Wednesday, September 21, 2011

Meet my insulin pump ...

I started wearing an insulin pump on Monday evening. It's like a mechanical pancreas that is connected to me most all of the time. Yes, having it attached to me constantly was my biggest hesitation, but less than 48 hours in I'm already seeing why people love this way of managing diabetes.

Diagnosed as a Type 1 Diabetic more than seven years ago, I have had far more good days than bad days. But it's a chronic condition with so many variable to attempt to balance. And, honestly, this summer was rough. I had lots of unexplained ups and downs. I adjusted insulin doses {with the help of my doctor} and started trying harder to pinpoint problems.

As I learned more about insulin and my body, I decided Lantus, a long-acting insulin that is suppose to maintain blood sugar levels throughout a 24-hour period, was giving me trouble because I took a dose every night. Some days that dose was the right amount. Other days it was too much. I'd go low in the morning and then have my blood sugar spike up in the afternoon.

My doctor encouraged me to think about changing to pump therapy, which uses just fast-acting insulin, like what I've been taking at meal times. Small doses of Humalog are injected throughout the day. The pump allows for various settings that can be tweaked should I require different amounts of insulin in the mornings and afternoons. Before I could only inject full units at time, but the pump can inject fractions of a unit to be more precise.

The pump remembers my carb-to-insulin ratio so when I enter the number of carbohydrates I'm eating it can calculate how much insulin I need. My glucose monitor communicates my blood sugar readings to the pump, which knows the range I'd like to have my blood sugar. Should I need more insulin to bring a high down or less insulin to keep it from going lower, the pump calculates that along with what I need to cover the carbs I'm eating. It's just math, but it's nice to have the equations figured out and information stored on my mechanical pancreas in my jeans pocket.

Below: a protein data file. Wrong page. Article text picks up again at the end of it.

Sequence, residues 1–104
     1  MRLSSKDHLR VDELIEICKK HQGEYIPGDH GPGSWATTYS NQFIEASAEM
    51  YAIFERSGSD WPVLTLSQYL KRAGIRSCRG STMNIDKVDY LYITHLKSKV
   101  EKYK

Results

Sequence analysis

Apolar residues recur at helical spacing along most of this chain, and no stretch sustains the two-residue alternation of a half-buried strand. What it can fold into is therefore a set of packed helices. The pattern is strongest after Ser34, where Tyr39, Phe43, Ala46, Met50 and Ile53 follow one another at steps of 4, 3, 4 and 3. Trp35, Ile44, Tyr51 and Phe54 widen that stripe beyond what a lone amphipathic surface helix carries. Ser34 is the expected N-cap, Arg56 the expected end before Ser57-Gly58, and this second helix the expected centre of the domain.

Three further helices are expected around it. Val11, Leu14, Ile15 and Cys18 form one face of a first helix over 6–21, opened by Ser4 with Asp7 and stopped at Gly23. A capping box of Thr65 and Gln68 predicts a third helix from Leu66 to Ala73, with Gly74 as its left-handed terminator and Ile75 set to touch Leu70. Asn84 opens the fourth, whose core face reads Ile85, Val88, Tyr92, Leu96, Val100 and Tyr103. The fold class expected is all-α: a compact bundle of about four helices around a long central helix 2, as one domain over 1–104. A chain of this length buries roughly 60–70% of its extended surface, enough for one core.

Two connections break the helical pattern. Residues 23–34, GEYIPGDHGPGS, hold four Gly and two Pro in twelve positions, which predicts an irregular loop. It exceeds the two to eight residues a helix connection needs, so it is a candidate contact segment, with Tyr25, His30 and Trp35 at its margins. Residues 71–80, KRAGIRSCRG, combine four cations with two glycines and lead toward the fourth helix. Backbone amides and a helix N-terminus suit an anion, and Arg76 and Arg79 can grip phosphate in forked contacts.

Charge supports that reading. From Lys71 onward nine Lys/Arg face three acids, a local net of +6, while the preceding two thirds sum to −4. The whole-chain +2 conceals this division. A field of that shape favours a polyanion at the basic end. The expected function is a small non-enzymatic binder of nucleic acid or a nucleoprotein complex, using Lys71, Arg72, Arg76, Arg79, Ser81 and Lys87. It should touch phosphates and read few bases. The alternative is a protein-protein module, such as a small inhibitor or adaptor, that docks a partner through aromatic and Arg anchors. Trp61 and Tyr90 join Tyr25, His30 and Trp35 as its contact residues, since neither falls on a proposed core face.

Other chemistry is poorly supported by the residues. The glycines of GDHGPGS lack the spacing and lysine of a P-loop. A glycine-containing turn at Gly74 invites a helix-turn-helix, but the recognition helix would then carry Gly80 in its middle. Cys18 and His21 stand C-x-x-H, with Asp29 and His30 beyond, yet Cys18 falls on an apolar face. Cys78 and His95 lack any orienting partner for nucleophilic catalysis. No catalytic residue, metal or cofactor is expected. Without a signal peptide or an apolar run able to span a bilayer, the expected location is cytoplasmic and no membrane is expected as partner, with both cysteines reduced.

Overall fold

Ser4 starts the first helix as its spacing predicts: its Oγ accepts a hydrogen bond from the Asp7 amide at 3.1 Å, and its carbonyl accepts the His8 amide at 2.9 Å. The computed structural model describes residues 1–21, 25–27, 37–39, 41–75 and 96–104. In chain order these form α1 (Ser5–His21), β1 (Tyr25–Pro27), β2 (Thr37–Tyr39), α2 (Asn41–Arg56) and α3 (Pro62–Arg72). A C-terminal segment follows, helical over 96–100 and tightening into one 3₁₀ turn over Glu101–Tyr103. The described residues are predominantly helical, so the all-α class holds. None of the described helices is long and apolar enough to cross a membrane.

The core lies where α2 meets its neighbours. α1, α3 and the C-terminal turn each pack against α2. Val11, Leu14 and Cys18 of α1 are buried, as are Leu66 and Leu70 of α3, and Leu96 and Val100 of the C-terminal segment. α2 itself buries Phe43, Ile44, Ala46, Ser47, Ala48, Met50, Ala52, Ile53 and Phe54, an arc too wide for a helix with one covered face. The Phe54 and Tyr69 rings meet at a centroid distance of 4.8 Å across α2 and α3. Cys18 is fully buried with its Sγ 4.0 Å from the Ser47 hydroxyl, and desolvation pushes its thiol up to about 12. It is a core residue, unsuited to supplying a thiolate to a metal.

It's going to be a good friend, I can tell. Perhaps I should give her a name.

It attaches to my abdomen like this. There are different infusion sets, but I chose the Sure-T set for a couple reasons. Unlike the others that use a plastic cannula to deliver insulin, mine uses a small steel needle. It also that extra loop of tubing that I thought would help if the small hands in my life pulled on the tubing. It tugs on the adhesive that doesn't include the needle {left side in picture} rather than pulling directly on the needle site {right side in picture}. And it doesn't require anything extra to inject it, like the other one I was thinking about. I figured the less I had to haul around, the better for the weight of my purse with diapers, wipes, my wallet, sippy cups, snacks, glucose monitor ... and whatever else makes it in for a trip to the grocery store, a weekend away, or a play date with a friend. I guess the one drawback is because it's a needle, I have to change it ever two days, rather than every three days like the other sets.

I can disconnect from the pump for short periods of time to shower or swim. When I do, this is what is left ...

It's waterproof and I don't really even feel it. When I'm ready to resume, I reattach the pump to the part on the left of the above picture. And go on about my life. Diabetes is always going to be part of my life, but I don't want it to define my moods or steal my joy.

So welcome to my life, Izzy the Insulin Pump. I hope you're everything I want you to be.

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  1. I like the name Izzy. :)

  2. I like naming things. Like, cottages and insulin pumps.